Some American women and Blacks voted as early as 1776? Who knew? Some historians, of course, but it comes as a bit of a surprise for many of us, especially given the numerous recent celebrations of the hundredth anniversary of the Nineteenth Amendment enfranchising women in 1920. The Museum of the American Revolution in Philadelphia explores this critical moment in a fascinating exhibition, When Women Lost the Vote: A Revolutionary Story, 1776–1790, on view until April 25 and in an impressive online version available at amrevmuseum.org. Rather than summarize the story told so well there, we asked Philip Mead, the museum’s director of curatorial affairs and chief historian, to expand on some of the reasons behind, and takeaways from, the exhibition. He writes:
Like many other institutions, we wanted to mark the centennial of the Nineteenth Amendment with a special exhibition. In New Jersey, the state’s constitution of 1776 enfranchised both women and people of color, but the legislature stripped the vote from both groups in 1807, while also eliminating the property requirement for white men. So instead of asking how women won the vote in 1920, we decided to ask why some women and people of color had it and lost it more than a century earlier.
An early challenge was documenting that women and Blacks actually did vote. Marcela Micucci, our curatorial fellow in women’s history and the exhibition co-curator, began searching for poll lists in historical societies, libraries, and archives all over New Jersey, unearthing an 1801 one for Montgomery Township in the state archives that included the names of forty-six women and four Black men out of a total of 343 voters. We subse- quently identified nine more poll lists from four townships and a total of 163 women’s names out of about two thousand voters. The identities of people of color were harder to establish, because voters were rarely identified by race.
One of the most exciting aspects of our research was recovering the stories of individual voters who have otherwise been basically lost to history. In one case, our curator Matthew Skic was able to link a circa 1805 portrait miniature of Martha Githens of Chester Township to a woman on that township’s list of voters in 1807. I still have the email with Matt’s subject line: “WE CAN NOW LOOK UPON THE FACE OF ONE OF AMERICA’S FIRST WOMEN VOTERS!” We would love to hear from the current owner!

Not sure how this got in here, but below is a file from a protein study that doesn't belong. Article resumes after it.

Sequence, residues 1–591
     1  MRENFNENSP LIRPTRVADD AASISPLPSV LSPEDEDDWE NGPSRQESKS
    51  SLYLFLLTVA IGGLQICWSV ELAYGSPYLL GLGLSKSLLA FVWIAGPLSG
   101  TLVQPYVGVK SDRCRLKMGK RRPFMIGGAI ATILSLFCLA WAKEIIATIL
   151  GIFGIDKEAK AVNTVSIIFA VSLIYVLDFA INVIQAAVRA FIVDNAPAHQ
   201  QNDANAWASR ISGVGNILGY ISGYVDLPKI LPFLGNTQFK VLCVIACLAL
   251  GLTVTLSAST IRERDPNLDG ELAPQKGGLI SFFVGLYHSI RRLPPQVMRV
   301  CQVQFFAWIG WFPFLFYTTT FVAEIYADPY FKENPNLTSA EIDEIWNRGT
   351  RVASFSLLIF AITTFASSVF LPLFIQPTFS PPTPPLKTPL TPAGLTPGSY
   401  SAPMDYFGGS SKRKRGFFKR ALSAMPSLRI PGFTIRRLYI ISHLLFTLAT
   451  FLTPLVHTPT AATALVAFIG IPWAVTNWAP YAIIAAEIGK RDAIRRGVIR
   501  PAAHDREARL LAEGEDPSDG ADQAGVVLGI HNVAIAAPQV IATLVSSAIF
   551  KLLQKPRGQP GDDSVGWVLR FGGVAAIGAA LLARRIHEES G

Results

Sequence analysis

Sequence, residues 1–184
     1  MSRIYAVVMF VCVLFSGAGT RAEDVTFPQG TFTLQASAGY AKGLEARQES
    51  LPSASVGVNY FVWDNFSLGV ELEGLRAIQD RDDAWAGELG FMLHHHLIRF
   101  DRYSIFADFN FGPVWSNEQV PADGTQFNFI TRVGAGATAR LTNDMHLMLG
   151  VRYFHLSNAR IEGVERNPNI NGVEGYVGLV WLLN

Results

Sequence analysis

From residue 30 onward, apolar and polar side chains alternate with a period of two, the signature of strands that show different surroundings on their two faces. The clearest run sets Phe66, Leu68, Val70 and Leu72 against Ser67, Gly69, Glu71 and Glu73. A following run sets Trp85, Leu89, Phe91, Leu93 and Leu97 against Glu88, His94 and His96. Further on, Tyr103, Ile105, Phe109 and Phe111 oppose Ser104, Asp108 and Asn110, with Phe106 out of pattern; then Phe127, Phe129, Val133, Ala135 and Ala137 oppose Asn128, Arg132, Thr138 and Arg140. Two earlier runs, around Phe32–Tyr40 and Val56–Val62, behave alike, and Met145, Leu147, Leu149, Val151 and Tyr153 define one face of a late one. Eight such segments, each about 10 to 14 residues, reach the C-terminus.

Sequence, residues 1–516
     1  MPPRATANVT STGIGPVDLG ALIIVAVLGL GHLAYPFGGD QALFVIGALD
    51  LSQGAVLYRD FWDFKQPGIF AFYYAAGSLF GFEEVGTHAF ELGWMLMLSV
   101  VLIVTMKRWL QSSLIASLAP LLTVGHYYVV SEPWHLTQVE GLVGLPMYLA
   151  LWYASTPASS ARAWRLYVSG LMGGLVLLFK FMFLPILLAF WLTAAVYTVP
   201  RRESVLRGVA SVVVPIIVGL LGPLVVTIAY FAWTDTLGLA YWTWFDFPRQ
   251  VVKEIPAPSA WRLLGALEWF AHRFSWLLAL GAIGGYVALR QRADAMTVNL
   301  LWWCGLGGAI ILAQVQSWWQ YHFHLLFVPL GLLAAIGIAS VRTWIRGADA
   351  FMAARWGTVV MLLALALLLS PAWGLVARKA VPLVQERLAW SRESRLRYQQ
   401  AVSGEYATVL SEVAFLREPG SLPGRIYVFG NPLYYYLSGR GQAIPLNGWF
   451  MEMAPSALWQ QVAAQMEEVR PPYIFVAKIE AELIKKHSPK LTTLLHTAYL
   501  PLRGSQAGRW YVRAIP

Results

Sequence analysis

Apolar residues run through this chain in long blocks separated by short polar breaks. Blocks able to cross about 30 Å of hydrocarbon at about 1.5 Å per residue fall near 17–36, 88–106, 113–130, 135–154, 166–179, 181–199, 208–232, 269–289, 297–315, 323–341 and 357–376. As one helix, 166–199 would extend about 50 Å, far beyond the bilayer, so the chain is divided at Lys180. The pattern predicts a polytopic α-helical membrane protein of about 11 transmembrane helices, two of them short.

It has also been really exciting to locate and visit the graves of some of these early women and Black voters. We have placed a wreath with a “She Voted” or “He Voted” ribbon across it at each plot we visit. Wouldn’t it be nice if that became a widespread way to identify these early voters all over the state?
Overall, I think the most important message of the exhibition is that the struggle for the vote continued after 1807. Some of the daughters of the women who lost the vote that year grew up to see the emergence of the suffrage movement in the United States, while some of the Black Americans who lost the vote in 1807 saw the Reconstruction Amendments end legal slavery in the United States and prohibit the exclusion of the vote based on race.
That said, we on the curatorial team have often remarked, over the past year in particular, that we felt like we were living in two messy election cycles as once. There were so many parallels between 1807 and 2020—the controversies over who decides what is a legal vote, the partisan anger, the role of the press, the differing polling practices in a decentralized voting system. It sometimes makes me wonder how we can still be dealing with so many of the same problems as 213 years ago. But that’s democracy, I suppose. It may be a messy form of government, but, to paraphrase Winston Churchill, it’s the best we have.